Hyperkalemia and hightened T waves.

Anjel

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So, I just had a pt with hyperkalemia.

On the transfer sheet it said she had hightened T waves.

Also pulse was 112.

I am assuming all of those things are related, since I know potassium causes repolarization in the heart.

Can anyone explain exactly how it is all related???

Pleaasse.
 

silver

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So, I just had a pt with hyperkalemia.

On the transfer sheet it said she had hightened T waves.

Also pulse was 112.

I am assuming all of those things are related, since I know potassium causes repolarization in the heart.

Can anyone explain exactly how it is all related???

Pleaasse.
You have to remember that the ekg records the macro level of depolarization and repolarization of the atrium and ventricles. The T wave is the repolarization of the ventricles. I hope that clarifies it.
 

silver

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You have to remember that the ekg records the macro level of depolarization and repolarization of the atrium and ventricles. The T wave is the repolarization of the ventricles. I hope that clarifies it.
I realized you probably wanted a more thorough answer. I know I am not an expert, but just trying to explain.

Increased extracellular potassium levels increase the conductance of potassium through the membrane which results in the potassium ions flowing easier. Hogdkins and Huxley related the conductance and ion current, where if the potentials stay relatively constant (driving force) the current will increase as the conductance increases. This in turn results in peaked T waves as the potassium ions want to flow back and quicker. Additionally the increased extracellular potassium depolarizes the resting membrane potential and inactivates the sodium channels, which widens the QRS.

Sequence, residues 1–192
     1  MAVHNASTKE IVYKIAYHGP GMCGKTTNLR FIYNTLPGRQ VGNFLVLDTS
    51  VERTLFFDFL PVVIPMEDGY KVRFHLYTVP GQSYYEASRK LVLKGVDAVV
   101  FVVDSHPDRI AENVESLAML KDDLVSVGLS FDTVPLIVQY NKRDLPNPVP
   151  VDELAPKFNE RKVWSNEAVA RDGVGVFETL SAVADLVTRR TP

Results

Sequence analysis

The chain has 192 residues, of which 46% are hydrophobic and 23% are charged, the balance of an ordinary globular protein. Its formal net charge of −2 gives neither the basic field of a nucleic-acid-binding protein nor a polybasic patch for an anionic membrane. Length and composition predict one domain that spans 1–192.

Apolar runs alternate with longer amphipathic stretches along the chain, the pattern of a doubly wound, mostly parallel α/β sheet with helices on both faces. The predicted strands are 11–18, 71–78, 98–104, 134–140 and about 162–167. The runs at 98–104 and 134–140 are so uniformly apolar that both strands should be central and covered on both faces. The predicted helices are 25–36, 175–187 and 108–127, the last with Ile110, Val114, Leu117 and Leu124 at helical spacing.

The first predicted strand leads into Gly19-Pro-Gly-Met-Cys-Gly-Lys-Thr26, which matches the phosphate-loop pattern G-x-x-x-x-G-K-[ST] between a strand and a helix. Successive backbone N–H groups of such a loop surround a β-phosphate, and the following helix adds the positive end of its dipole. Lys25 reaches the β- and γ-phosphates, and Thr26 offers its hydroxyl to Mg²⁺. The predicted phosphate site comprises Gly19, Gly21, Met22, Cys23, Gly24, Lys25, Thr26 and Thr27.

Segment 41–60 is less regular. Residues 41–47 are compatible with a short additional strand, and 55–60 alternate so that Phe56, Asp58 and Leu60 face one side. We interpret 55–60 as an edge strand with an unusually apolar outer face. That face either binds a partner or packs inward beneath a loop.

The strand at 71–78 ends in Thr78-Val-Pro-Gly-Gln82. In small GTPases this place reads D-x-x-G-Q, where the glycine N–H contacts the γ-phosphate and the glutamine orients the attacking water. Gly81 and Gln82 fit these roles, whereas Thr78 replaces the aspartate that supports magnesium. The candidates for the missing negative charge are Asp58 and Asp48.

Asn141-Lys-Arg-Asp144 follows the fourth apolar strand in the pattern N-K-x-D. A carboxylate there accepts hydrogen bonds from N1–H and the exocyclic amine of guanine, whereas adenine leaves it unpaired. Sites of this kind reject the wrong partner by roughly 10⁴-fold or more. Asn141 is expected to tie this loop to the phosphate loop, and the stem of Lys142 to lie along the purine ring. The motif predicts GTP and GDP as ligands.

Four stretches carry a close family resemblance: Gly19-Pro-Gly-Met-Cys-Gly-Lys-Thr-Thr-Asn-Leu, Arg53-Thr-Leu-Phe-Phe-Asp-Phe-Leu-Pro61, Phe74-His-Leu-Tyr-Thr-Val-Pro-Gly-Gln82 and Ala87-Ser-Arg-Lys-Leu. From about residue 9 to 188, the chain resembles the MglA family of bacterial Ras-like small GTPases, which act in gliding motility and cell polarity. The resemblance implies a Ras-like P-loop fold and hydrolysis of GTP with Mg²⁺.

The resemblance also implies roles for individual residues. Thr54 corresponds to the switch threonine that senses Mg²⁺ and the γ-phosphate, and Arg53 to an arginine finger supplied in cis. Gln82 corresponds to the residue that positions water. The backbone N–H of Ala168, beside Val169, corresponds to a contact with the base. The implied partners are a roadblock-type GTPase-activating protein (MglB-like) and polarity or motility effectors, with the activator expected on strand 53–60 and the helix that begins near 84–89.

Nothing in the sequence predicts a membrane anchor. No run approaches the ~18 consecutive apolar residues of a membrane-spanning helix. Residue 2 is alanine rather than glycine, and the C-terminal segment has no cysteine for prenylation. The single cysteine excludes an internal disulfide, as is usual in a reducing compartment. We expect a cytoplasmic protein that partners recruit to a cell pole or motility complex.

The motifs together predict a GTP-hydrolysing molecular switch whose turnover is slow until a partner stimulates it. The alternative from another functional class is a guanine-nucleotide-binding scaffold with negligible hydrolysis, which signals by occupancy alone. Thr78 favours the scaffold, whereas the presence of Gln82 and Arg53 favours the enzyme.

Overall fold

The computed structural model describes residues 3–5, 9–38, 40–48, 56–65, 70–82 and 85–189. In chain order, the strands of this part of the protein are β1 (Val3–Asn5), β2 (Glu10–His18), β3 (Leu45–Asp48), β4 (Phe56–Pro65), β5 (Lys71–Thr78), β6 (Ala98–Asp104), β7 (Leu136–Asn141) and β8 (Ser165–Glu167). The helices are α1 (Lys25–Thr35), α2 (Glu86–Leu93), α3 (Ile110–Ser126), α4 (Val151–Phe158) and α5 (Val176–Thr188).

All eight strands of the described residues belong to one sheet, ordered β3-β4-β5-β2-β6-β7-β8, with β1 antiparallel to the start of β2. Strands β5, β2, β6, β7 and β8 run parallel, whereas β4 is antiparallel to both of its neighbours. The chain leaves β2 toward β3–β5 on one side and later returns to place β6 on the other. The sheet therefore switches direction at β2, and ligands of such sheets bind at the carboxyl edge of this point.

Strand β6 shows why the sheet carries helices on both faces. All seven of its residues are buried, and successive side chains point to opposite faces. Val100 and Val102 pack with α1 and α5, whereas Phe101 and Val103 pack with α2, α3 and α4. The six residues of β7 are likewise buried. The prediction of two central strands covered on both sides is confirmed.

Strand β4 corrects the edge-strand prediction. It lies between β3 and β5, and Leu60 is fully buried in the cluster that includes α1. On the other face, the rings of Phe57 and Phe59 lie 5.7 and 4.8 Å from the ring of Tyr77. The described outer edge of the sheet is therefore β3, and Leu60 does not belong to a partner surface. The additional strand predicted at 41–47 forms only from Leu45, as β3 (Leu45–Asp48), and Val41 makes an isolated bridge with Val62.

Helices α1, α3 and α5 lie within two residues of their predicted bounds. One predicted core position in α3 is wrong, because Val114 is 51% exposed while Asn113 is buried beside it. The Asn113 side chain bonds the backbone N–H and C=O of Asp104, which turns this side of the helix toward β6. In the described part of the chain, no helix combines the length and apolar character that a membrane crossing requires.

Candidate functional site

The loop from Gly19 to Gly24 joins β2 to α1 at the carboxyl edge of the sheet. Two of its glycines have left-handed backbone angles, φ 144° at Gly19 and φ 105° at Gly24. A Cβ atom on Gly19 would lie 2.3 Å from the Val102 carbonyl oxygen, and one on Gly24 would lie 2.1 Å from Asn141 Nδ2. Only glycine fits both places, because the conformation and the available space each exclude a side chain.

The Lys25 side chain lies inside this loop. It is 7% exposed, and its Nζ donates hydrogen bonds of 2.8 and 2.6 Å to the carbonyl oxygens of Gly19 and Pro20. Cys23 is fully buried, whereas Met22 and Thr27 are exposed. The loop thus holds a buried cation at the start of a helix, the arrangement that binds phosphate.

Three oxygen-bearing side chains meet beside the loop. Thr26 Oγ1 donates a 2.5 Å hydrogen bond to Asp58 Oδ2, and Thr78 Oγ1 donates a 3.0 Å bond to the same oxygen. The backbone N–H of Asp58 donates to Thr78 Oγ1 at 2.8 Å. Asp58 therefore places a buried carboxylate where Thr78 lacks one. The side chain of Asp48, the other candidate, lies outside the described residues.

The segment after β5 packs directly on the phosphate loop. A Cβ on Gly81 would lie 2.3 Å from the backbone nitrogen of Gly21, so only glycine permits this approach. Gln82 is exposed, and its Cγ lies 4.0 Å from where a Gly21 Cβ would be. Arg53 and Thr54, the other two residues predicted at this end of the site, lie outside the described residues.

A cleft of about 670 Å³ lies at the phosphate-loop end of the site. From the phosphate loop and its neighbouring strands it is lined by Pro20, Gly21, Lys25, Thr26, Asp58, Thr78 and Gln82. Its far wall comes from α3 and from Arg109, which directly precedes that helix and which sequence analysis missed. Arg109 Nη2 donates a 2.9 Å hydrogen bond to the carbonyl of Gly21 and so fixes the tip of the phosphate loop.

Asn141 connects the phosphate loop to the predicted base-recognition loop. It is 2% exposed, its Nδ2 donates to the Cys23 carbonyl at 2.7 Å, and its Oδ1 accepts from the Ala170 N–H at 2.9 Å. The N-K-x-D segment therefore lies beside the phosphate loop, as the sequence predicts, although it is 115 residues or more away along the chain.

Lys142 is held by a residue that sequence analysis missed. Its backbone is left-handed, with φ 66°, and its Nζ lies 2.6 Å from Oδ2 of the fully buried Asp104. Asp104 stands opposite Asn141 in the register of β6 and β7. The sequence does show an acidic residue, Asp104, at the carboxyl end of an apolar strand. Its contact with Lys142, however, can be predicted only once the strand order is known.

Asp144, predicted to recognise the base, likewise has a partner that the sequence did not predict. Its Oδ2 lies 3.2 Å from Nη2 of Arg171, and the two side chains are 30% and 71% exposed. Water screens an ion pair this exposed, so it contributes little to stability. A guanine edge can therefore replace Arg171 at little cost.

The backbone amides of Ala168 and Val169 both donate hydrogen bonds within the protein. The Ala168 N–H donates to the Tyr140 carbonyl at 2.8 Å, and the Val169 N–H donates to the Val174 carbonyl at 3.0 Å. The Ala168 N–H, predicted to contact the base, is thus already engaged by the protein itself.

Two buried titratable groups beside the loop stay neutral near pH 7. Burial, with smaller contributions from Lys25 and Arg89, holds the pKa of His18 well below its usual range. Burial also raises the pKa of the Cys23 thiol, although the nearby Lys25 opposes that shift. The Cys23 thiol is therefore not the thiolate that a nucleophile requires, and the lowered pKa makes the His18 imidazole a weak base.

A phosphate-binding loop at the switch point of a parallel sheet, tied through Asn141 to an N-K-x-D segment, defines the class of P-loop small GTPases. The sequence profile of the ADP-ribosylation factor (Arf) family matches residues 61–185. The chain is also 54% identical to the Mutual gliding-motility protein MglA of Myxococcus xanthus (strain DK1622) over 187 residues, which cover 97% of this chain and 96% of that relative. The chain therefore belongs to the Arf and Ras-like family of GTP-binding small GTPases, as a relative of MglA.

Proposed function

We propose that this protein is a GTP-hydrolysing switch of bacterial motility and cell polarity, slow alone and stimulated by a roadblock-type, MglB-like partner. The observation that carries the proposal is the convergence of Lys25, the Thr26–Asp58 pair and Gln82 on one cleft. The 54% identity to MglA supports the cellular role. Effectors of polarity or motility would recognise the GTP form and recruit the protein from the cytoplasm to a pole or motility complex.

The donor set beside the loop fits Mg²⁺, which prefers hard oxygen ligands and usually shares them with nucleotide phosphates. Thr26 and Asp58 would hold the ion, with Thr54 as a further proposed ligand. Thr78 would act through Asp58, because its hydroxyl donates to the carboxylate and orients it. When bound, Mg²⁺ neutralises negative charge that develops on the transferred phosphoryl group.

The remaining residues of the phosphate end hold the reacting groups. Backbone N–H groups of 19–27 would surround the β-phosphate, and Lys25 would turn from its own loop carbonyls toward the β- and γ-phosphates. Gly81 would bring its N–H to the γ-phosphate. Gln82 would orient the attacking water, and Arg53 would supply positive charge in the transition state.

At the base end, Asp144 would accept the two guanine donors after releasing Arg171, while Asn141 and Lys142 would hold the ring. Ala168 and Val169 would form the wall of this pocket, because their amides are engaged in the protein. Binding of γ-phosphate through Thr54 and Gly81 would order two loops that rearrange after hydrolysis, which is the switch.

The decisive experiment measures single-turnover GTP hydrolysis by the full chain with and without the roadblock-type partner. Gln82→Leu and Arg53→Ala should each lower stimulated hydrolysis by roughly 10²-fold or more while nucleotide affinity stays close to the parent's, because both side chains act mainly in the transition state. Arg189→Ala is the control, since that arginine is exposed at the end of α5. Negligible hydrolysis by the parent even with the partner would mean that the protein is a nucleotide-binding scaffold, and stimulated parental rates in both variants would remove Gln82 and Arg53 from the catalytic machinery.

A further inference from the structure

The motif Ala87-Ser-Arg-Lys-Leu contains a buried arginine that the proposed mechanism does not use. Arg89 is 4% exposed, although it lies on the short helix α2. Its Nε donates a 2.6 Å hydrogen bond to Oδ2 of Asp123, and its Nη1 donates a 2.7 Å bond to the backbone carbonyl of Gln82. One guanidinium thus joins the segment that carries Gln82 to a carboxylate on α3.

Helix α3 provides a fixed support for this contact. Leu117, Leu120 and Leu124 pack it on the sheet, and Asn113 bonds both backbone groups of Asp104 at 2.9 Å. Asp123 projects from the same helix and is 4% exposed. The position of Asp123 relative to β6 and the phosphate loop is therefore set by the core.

Anjel

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Ummm so the potassium kinda super charges the repolarization process??

I am still kinda confused.
 

Hate

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Ummm so the potassium kinda super charges the repolarization process??

I am still kinda confused.
depolorization process.

typically hypoxia causes an extacellular increase in K+. This happens because the potassium is able to exit the cell through KATP Channels, which are inhibited by ATP in homeostatic conditions.

Ventricular repolarization causes the "t wave", when voltage gated K+ channels are open, and increases K+ conductance. This causes the cell to be "postively charged" with respect to the extracellular. The rapid efflux of K+ causes repolarization of the resting membrane potential.

When there is an excess of extracellular K+, the cell becomes more negative than the outside of the cell/less positive. This causes a depolarization instead of repolarization. i.e membrane potential moves in the positive direction, and t waves peak
 

Trevor

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okay.....

Phase 3 of the Cardiac Action Potential corresponds with the T wave on the ECG.

Normally, in Phase 3, "the K+ channels open and K+ flows rapidly out of the cell, Carrying positive charges to the outside and returns the Action Potential to its resting state."

Jacobson, C. 2007. Cardiovascular Nursing Practice. A Comprehensive Resource and Study Guide for Clinical Nurses. Burien, WA. Cardiovascular Nursing Education Associates.

So if K+ is increased the net change would be greater therefore causing a larger (your "heightened"), or "peaked" T Waves...

Hyperkalemia can also effect phase 0 and 1 of the Action Potential, since these 2 phases deal with Na+. If increased, K+ will slow the depolarization of the cell, leading to widened QRS length, and evenutally (just prior to cardiac death) a "Sine Wave" (VERY BAD!)....
 
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